Hello world! My name’s Varshini Gali and I’m an incoming junior at Penn from Sarasota, Florida. At Penn, I’m studying Health and Societies in the College of Arts and Sciences. This summer, I’m interning at the Public Health Foundation of India (PHFI) in Gurgaon, a city near New Delhi. I’m here with my co-intern Hareena, and we’ll be aiding in public health program development.
Although my family is from India, I’ve never visited north India, so I’m very curious to explore the Delhi region and live in this new setting. I’ve stayed briefly in southern cities such as Hyderabad, so it’ll be interesting to discover the parallels between the north and the south. I’ve been taking Hindi classes at Penn for two years, and I’m eager to test my speaking abilities.
At PHFI, my work is primarily focused in development of programs for school-aged children combating non-communicable diseases (NCDs). My first task is to conduct a literature review about current school health programs in India, so we can understand the present situation and identify areas to improve. Navigating government websites to find this information is turning out to be a harder endeavor than I expected, but I’m confident I’ll have a breakthrough at some point. I’m excited to see how this summer will turn out!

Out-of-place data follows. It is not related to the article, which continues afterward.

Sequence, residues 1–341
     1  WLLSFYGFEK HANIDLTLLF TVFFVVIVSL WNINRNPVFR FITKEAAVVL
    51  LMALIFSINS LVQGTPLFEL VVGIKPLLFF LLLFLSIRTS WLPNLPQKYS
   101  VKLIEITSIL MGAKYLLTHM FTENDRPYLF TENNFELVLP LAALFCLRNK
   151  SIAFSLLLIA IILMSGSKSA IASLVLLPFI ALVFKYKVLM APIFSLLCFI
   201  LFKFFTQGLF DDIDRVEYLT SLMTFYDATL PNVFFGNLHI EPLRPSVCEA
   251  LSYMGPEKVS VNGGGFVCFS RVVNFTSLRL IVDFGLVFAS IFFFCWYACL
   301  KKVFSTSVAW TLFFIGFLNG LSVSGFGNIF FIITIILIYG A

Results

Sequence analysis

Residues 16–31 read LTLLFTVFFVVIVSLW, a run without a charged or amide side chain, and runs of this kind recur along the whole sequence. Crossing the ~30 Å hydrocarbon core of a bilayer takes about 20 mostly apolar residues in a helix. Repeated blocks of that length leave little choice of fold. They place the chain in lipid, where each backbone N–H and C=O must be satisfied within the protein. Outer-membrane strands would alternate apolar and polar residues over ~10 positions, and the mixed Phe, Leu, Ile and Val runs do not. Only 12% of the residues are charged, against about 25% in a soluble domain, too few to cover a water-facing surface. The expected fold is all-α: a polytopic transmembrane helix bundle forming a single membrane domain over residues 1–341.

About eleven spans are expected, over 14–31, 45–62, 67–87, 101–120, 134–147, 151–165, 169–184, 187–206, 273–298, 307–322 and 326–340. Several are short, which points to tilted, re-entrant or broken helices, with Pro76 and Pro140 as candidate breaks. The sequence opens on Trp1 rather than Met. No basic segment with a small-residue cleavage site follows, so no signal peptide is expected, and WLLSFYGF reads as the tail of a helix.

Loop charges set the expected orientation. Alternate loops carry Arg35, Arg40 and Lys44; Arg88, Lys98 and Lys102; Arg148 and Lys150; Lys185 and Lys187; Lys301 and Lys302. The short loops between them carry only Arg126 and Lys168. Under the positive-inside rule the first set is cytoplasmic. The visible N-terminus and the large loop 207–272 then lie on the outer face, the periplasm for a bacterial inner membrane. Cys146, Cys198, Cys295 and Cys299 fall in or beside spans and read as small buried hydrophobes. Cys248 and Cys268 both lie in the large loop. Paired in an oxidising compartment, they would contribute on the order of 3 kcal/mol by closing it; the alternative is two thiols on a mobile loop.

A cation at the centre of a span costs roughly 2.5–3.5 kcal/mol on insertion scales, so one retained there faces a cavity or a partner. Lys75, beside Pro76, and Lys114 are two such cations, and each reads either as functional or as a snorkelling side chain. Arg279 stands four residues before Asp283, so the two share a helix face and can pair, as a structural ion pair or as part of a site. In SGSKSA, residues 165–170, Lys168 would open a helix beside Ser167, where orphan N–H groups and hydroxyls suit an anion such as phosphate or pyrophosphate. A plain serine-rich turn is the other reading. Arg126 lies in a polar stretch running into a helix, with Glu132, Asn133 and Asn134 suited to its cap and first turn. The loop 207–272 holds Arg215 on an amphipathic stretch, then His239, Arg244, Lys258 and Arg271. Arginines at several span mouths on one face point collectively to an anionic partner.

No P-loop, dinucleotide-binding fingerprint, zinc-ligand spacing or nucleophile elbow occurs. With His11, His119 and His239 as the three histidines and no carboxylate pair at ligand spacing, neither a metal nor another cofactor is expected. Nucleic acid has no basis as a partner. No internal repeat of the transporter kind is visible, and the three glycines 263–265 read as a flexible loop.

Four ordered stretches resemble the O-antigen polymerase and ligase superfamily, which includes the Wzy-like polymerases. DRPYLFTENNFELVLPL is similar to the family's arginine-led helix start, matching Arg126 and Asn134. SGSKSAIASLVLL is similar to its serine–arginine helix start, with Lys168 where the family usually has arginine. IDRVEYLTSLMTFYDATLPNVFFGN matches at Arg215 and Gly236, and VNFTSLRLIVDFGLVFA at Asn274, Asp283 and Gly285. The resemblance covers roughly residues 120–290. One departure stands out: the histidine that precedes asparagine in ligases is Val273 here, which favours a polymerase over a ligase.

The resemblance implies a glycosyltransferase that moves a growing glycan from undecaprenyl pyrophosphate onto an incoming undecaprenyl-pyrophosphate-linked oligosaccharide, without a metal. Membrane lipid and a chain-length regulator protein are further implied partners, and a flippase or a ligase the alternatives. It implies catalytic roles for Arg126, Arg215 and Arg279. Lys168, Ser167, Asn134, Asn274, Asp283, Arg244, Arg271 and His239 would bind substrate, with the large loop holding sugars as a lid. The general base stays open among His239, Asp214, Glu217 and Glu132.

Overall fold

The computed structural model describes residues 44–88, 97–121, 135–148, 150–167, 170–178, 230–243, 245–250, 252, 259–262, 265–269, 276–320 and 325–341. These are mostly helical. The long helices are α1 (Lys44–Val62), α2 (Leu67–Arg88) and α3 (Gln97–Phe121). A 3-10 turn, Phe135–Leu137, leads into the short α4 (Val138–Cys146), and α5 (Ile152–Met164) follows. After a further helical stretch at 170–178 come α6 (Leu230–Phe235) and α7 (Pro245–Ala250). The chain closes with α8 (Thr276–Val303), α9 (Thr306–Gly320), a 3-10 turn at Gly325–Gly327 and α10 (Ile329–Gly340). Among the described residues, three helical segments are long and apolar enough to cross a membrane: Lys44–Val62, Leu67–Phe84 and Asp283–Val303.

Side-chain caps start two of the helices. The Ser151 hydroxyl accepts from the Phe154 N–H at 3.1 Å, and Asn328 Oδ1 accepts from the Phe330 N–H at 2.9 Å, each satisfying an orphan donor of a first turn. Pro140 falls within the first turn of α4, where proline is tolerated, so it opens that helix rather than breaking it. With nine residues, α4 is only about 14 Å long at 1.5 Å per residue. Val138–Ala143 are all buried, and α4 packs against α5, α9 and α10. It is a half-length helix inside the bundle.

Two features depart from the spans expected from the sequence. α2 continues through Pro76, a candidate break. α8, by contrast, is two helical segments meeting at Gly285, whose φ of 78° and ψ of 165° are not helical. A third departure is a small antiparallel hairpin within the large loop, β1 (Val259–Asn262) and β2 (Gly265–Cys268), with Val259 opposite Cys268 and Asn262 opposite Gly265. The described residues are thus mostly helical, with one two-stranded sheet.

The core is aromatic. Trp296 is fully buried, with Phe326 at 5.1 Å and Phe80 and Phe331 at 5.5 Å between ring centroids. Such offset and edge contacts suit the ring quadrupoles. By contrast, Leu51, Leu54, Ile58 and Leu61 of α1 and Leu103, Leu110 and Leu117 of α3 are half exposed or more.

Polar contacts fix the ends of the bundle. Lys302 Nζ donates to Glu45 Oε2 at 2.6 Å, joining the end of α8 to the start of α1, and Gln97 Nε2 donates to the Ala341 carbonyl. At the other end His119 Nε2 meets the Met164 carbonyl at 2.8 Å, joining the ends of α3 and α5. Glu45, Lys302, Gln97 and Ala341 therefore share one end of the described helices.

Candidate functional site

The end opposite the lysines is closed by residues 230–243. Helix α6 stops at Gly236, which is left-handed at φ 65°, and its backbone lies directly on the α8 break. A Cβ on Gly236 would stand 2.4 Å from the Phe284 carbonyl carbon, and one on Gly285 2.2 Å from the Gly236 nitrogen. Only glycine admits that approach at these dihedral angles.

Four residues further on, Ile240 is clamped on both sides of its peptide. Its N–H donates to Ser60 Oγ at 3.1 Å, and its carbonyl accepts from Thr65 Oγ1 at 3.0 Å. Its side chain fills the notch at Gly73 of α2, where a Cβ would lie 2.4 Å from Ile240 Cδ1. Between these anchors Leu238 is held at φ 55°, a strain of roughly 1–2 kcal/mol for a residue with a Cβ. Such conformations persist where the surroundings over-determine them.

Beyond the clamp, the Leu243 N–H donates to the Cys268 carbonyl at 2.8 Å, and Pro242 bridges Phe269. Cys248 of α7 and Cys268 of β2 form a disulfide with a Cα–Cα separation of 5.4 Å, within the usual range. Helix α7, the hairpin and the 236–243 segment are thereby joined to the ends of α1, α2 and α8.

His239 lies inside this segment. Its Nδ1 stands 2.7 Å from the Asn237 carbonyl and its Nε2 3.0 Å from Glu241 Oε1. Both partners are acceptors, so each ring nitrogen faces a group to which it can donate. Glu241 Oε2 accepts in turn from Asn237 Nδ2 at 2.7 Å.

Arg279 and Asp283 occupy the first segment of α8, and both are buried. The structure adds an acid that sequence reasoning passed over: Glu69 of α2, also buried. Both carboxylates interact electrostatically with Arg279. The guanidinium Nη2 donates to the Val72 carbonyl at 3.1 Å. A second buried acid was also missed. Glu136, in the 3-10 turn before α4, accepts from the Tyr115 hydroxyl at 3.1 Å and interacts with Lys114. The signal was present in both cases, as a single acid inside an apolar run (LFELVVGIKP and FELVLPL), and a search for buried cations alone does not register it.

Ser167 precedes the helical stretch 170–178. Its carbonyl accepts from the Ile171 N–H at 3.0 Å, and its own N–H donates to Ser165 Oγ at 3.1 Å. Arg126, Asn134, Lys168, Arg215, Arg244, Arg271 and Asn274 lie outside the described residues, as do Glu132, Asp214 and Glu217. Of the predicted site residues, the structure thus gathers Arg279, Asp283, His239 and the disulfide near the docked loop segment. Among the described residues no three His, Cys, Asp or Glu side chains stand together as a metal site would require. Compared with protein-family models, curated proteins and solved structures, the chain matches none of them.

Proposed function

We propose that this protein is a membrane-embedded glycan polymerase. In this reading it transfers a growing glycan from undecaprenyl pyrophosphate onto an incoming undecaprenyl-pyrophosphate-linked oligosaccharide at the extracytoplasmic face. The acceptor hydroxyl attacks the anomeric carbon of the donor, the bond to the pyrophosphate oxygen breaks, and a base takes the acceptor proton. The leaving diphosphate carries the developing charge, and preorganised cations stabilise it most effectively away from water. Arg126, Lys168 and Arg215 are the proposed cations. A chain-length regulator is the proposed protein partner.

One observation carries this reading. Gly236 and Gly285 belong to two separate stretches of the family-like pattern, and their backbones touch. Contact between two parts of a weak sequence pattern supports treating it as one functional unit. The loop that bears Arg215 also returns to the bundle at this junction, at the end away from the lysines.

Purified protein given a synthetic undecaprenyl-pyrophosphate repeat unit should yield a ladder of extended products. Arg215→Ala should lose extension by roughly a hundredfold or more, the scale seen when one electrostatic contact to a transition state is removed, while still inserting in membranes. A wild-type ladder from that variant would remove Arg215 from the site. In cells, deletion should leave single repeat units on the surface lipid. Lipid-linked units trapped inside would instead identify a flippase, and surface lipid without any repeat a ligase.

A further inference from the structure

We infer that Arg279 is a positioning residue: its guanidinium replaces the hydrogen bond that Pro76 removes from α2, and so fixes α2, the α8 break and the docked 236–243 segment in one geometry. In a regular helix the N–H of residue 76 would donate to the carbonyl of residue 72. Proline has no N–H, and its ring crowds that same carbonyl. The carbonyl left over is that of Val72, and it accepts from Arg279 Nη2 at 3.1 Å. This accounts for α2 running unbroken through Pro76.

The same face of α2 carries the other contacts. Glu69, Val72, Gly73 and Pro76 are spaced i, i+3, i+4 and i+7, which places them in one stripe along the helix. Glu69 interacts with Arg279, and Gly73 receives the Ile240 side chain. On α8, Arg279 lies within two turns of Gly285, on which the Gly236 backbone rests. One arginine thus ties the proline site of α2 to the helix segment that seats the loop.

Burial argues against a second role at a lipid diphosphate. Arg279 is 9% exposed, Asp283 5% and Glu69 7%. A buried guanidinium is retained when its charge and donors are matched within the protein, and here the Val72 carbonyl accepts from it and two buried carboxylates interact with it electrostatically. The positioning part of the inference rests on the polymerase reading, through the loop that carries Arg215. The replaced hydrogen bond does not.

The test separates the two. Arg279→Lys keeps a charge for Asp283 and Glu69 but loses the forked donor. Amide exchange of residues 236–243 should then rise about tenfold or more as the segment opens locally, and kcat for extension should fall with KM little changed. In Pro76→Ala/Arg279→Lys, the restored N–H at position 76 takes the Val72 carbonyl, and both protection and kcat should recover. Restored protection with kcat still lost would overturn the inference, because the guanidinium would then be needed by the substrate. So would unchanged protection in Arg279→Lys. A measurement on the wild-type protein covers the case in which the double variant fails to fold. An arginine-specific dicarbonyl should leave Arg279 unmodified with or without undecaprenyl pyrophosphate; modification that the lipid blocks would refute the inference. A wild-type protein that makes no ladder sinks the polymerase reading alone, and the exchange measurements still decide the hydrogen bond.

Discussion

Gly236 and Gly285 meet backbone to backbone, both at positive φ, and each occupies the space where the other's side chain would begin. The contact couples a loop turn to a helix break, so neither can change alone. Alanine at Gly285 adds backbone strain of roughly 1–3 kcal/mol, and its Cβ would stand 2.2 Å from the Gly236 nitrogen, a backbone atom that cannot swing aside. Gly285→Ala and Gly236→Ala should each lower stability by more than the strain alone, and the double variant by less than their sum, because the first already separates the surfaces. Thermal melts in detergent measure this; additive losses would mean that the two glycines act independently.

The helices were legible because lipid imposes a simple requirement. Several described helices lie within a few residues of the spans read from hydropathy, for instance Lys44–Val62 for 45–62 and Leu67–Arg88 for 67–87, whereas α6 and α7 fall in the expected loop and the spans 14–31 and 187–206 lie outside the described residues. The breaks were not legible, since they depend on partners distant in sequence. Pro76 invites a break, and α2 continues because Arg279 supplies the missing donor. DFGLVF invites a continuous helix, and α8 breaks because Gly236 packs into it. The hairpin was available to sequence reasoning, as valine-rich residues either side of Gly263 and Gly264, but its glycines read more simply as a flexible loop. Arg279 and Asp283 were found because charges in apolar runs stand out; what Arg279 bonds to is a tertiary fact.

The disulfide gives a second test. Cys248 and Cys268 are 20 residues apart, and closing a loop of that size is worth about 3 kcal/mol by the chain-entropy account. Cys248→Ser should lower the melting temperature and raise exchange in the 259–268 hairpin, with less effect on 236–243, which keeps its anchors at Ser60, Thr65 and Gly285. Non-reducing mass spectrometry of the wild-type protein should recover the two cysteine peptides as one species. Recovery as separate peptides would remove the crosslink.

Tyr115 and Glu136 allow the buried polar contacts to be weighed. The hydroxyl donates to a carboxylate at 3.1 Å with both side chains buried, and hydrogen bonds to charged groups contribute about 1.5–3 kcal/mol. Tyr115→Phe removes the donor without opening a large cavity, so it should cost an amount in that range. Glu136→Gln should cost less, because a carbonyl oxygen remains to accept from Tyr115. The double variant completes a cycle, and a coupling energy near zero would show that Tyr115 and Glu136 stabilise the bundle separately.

I’m sitting in a hotel room in Hyderabad, and I guess that says it all about my relationship with India. My parents both grew up in this city, but I’m a born and bred New Jersey-an. Picking up on my accented Telugu, the Uber driver who drove us from Hussain Sagar, the manmade lake in the middle of the city, back to where we were staying this evening, asked where I had come from. When I told him that I was from the US, he asked why I spoke Telugu. When I told him my parents were from Hyderabad and spoke Telugu with me, he asked how come I wasn’t better at it.
The Buddha statue on Hussain Sagar